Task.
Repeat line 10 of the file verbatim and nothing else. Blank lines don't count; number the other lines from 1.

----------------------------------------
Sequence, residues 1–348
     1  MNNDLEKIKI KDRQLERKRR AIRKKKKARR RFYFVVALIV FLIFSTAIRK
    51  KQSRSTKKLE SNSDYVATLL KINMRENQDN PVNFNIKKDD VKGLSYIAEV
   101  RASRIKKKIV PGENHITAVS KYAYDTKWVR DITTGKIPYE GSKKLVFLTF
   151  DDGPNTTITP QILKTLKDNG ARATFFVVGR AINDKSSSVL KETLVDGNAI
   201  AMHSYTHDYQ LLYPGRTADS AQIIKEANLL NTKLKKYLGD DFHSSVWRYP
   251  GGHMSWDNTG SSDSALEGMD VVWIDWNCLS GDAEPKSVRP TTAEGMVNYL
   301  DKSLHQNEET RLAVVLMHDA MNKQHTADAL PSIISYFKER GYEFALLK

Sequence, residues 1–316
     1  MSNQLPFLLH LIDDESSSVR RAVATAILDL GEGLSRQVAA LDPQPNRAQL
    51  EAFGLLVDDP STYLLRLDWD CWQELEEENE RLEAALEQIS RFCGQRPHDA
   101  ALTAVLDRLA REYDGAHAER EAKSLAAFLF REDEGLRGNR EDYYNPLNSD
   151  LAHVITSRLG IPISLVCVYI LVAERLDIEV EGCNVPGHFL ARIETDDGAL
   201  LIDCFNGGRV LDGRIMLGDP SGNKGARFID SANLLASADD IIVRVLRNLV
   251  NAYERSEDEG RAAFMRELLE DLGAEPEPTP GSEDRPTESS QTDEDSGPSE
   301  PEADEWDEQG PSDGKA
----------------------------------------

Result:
     1  MSNQLPFLLH LIDDESSSVR RAVATAILDL GEGLSRQVAA LDPQPNRAQL